Children’s Grief Awareness Month: “It’s OK to Not Be OK”

Many children live with loss every day. In our culture, we often downplay or dismiss grieving children. We may not take the time to truly listen to the children around us and understand their emotions. As a result, many children grieve in silence or act out because of what they are feeling. 

November is Children’s Grief Awareness Month, dedicated to addressing the unique needs of grieving children and youth. As we approach the holiday season, Children’s Grief Awareness Month arrives at a time when many bereaved children and families are facing the holidays without their loved ones. 

Children’s Grief Awareness Day

On November 18, Children’s Grief Awareness Day serves as a time to come together, celebrate loved ones and recognize childhood bereavement. This year’s theme is: “It’s OK to not be OK.” Though we can’t always see it on the outside, a child’s inner turmoil after losing a loved one can be intense and isolating.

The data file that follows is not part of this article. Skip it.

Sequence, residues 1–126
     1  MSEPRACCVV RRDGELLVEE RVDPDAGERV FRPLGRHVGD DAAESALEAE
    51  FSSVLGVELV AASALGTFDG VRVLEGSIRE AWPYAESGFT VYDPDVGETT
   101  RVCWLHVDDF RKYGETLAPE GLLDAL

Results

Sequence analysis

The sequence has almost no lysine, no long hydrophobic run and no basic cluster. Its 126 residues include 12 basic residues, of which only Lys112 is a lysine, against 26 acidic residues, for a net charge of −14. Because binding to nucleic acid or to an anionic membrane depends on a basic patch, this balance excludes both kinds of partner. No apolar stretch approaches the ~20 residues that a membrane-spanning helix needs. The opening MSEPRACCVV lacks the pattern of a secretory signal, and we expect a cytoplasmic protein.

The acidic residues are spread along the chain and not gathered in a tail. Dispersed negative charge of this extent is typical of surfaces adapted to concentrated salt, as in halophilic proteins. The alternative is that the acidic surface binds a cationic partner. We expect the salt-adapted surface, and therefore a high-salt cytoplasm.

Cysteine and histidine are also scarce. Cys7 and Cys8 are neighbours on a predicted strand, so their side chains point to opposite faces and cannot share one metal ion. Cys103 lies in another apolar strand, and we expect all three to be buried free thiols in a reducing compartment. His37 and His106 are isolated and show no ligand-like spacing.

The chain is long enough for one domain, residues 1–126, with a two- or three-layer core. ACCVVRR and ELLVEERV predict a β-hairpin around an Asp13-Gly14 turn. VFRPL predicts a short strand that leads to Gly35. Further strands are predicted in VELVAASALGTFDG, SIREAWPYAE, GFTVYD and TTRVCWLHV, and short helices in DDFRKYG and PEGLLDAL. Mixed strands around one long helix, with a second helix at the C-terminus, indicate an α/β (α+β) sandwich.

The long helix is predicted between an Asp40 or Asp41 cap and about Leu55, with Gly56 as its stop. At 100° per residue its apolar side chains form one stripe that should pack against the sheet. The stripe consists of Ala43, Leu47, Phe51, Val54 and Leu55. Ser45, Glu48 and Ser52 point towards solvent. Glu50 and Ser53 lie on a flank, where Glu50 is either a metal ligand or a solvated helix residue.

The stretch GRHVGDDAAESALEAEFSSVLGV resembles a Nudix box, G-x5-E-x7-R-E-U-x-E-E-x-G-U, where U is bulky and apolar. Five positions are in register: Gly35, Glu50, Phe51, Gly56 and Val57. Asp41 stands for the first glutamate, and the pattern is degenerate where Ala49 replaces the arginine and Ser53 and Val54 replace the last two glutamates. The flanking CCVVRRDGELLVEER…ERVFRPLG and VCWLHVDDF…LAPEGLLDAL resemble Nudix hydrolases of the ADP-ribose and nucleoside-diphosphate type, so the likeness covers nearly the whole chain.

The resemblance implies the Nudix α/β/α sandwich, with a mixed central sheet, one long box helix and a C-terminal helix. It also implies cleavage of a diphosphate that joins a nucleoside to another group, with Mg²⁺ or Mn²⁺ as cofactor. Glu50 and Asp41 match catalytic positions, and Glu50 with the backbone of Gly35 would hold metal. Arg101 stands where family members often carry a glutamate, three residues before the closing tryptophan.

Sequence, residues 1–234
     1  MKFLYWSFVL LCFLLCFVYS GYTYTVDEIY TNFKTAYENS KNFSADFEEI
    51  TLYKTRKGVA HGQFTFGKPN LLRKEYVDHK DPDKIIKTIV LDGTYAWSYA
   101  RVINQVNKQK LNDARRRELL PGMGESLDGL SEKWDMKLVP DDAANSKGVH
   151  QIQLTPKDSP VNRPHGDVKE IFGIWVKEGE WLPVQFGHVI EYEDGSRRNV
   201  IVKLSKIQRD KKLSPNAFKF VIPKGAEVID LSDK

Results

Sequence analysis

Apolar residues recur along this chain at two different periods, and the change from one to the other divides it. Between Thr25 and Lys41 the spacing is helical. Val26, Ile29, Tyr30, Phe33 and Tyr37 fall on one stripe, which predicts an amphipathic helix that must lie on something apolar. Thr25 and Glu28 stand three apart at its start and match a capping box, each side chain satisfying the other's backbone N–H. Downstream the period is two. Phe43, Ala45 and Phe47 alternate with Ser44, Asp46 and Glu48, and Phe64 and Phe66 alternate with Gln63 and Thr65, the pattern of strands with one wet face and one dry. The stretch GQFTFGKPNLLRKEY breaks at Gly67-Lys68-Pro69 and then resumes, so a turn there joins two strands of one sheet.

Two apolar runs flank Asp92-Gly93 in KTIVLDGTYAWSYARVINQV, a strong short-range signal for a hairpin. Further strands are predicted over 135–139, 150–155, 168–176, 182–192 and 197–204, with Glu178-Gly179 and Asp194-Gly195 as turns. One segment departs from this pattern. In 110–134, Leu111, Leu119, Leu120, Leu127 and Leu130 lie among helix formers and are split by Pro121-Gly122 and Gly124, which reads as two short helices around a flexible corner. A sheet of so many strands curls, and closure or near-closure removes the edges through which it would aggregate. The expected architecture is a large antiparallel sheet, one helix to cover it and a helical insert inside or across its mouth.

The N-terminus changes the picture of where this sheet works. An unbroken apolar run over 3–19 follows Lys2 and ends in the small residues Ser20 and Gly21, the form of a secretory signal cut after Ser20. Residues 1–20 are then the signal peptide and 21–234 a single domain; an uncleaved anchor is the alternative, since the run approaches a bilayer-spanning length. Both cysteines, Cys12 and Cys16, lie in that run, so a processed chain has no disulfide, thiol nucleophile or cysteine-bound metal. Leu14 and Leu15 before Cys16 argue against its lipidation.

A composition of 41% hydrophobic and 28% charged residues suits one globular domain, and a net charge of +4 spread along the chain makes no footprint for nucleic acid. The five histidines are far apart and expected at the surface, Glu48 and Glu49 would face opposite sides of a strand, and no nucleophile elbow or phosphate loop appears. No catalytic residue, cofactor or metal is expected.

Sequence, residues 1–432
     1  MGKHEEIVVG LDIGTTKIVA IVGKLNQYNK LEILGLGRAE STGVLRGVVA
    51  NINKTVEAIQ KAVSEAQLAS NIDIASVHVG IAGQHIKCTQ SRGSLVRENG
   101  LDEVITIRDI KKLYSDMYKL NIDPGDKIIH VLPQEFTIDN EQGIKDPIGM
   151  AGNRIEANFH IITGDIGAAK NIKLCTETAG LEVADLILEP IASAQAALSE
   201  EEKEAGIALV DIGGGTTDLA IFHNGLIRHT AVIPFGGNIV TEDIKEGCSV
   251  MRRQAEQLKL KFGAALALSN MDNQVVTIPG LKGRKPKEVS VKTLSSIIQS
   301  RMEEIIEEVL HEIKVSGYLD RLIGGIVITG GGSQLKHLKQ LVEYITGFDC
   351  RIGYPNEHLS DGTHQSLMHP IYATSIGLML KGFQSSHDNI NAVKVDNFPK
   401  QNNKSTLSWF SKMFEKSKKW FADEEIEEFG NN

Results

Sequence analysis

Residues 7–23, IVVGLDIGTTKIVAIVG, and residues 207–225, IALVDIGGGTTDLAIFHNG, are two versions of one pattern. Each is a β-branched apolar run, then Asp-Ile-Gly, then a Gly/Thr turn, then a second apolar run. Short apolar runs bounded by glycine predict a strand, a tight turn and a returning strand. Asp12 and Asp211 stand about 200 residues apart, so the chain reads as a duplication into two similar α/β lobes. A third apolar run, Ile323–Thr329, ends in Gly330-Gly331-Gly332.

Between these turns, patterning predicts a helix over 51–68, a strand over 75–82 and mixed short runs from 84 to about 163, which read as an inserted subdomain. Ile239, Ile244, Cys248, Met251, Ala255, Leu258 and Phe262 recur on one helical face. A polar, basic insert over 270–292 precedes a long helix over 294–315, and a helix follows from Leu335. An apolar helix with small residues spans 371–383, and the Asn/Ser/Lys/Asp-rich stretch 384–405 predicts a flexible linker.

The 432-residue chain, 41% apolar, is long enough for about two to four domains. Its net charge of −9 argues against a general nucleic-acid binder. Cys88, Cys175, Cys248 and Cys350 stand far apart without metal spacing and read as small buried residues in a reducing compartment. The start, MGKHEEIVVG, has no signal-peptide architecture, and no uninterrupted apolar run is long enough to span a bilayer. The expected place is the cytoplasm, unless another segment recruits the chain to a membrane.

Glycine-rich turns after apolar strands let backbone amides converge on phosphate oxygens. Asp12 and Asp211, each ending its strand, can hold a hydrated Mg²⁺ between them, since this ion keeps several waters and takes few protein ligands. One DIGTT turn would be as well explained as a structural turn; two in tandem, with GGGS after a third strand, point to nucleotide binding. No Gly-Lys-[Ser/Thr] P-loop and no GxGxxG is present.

Children’s Grief Awareness Day shows kids that they aren’t alone in their experience. It’s OK for children to feel what they feel and share those feelings with others. The biggest thing the adults in their lives can do is be there and listen. 

How Many Children Are Grieving? 

Judi’s House and the New York Life Foundation’s Childhood Bereavement Estimation Models show that 1 in 12 children in Missouri experiences the death of a parent or sibling by age 18, which is approximately 119,000 children. 

The number of bereaved youth in Missouri doubles by age 25. About 287,000 youth experience the death of a parent or sibling by the time they turn 25. 

Childhood grief is much more common than many believe. Support is crucial for the development and mental health of grieving youth.